Godert’s thin eyebrows arched so high on his forehead they nearly disappeared. After a moment, he grinned lopsidedly. The grin gave way to a full-fledged laugh, catching Eichman’s attention. Upon Eichman’s arrival, Godert ordered the girl of seventeen or eighteen years to repeat exactly what she’d just told him. The girl obeyed this time, her body shaking. She knew that she had just signed her own death warrant. But she hadn’t been at the camp even a full day: she didn’t understand how ruthless the Nazis really were. She didn’t understand the full price she’d have to pay for her traitorous comment.

            Eichman and Godert ordered the other inmates to stop working and watch. They beat the defenseless, albeit brave, girl within an inch of her life. Blood oozed from cuts on her face, her eyes were swollen nearly shut, her arm was twisted into an unnatural position, and her entire body shook so violently the prisoners who stood several feet away saw it. Once she was beaten and hanging on by a thread, Eichman ordered Godert to step away: he would take it from there, he said. The inmates were forced to watch as he took the butt of his rifle and rammed it, full force, into the girl’s spine. The force of it knocked her face down into the ground. She coughed out the dirt that was pushed into her mouth.

            “Stand up,” the Lieutenant ordered.

            “Now. Do as Godert ordered you. Get down on your hands and knees and say Heil Hitler! And, Jew, you best be bubbling with enthusiasm.”


            He arched his eyebrows and tipped his head to the side, a dangerous glint in his eye warning her to do as directed. There was no way she was going to win this battle.

“If you don’t do it, you’ll just be making this harder on yourself. Now fall to your knees!” he shouted.

Still, the girl stood still, swallowing audibly past the lump that must have been in her throat. As she stood there and waited for what felt like hours, Alexi found herself hoping the girl would merely comply.

            “Adolf Hitler,” the girl began softly, “is a man that I will not bow before. He is the sole cause of Germany’s downfall. He is nothing but a murderer. He is not a real Führer, and I will not salute or celebrate him.”

            “I wonder if you’d have the audacity to say that to our Führer’s face.”

            “Yes, Lieutenant, I would.”

            He paused for a moment before he inclined his head. “I’m afraid you’ll not have that chance.”

He inclined his head and Godert, who’d walked to stand behind the girl, kicked her in the lower part of her back. She fell forward, hitting the ground. Eichman walked over and pressed the edge of his boot into the base of her neck. Putting his weight on that foot, he leaned down until he could see the side of her face as she sputtered for air, her palms open flat on the ground. Alexi couldn’t hear what he’d said, until the very end, when he shouted at her. The girl took a deep breath and lifted her eyes to look at him.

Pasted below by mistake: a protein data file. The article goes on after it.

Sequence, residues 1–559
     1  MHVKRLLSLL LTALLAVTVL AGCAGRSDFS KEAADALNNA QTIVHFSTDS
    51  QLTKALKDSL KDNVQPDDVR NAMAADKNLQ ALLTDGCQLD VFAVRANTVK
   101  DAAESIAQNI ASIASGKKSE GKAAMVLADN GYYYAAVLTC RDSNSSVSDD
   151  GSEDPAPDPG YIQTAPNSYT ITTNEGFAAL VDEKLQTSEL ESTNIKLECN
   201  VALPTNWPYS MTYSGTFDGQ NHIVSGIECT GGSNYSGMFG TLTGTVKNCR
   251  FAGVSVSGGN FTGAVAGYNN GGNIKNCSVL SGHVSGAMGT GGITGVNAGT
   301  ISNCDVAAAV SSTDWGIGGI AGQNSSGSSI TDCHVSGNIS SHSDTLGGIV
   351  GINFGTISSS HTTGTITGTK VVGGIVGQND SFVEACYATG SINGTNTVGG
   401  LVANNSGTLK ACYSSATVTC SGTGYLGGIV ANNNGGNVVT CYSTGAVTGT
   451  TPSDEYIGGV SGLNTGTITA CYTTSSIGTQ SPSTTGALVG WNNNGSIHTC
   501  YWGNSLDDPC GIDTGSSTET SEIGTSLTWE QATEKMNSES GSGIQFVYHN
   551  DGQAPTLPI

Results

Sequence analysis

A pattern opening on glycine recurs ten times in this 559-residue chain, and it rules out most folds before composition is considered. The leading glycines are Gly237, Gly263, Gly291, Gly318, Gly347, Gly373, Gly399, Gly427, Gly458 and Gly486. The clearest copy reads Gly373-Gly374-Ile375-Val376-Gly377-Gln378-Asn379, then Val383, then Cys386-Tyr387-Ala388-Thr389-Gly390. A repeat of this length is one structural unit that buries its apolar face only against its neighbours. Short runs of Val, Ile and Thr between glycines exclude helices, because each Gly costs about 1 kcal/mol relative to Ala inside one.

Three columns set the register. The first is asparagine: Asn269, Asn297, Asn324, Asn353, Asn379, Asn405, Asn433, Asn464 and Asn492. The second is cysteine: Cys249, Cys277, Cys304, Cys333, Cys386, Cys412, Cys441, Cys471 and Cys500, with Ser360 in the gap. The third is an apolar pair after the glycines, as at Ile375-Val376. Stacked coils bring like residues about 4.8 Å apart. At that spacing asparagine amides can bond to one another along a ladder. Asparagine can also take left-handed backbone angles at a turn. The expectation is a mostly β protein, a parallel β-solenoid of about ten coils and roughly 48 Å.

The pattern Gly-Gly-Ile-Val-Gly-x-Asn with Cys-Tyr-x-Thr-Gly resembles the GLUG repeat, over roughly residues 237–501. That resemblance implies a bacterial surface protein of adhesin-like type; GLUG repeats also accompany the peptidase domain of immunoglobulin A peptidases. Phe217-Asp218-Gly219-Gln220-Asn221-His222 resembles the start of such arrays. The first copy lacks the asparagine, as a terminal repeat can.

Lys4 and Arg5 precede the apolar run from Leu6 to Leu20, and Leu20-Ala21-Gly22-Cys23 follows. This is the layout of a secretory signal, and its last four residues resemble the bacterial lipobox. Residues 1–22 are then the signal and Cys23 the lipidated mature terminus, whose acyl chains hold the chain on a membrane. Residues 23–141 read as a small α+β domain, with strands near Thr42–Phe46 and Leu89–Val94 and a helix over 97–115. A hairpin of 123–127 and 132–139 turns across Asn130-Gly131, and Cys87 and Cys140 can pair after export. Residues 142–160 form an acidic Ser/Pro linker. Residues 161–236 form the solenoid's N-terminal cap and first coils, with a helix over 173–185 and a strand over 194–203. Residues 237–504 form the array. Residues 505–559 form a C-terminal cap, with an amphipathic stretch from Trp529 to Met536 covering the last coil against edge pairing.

Alexi held her breath.

            “Who do you think is helping you now? You think Hitler is the downfall of our country? Who’s helping Germany? Hitler is! You are at my mercy, Christ-killer, and you will not insult my Führer! I advise you to obey!”

            “My God, the God of Israel, the God of Moses and Abraham, will protect me, even from people like you and Hitler.”

            With one clean sweep, Eichman removed his foot from her back, grabbed her around the neck, and threw her over. A second later, the barrel of his rifle was directly against her chin.

“Will He protect you from this?” His finger cocked the gun, and the sound reverberated to every one of the inmates watching, paralyzed by the display of bravery they were seeing. Bravery and brutality. Alexi inhaled sharply, her eyes wide with horror and disbelief. The young martyr, though, showed no fear, except for her eyes, which seemed riveted to the barrel of the gun.

“He may not prevent you from killing me. That is okay. I am prepared to die. But once I am dead, you will have lost because I will not be tortured. I will not be threatened. I will be walking on streets made of gold. I will not have bowed down to Hitler. You will have lost.”

            Alexi closed her eyes slowly and exhaled the breath she hadn’t realized she’d been holding. Eichman shook his head violently from one side to the other, almost as though he himself could not believe her audacity, before vigorously pressing the barrel of the gun tighter against her face.

“Heil Hitler!” he demanded.

            Ten minutes later, with her face split open with blood and every other place on her body bruised and battered, her arm broken now, Eichman leaned down to her face again, his own face unnaturally red with anger and sweat.

“Praise him or die now!” he shouted.

Tears raced down Alexi’s cheeks. She knew that whatever the girl chose to do now, she was still going to die. Even if she praised Hitler. Somewhere deep inside of her, though, Alexi hoped the girl still possessed enough strength to disobey the lieutenant’s order.

            When the girl didn’t respond, Eichman kicked her side and then grabbed a fistful of her shirt. “Do it!” he yelled, anger and frustration evident in his voice.

The girl coughed and then exhaled as she slowly bent her head to the ground. She was so weak that her arms could not support her. She fell face first to the ground. Eichman lifted his baton into the air but before he could use it, she stopped him.


She spat his name and then gulped in a big breath of oxygen. That one sentence cost the girl her soul, and Alexi knew it by looking at her. But she was only human, and she had taken much more than most could have. Eichman broke her.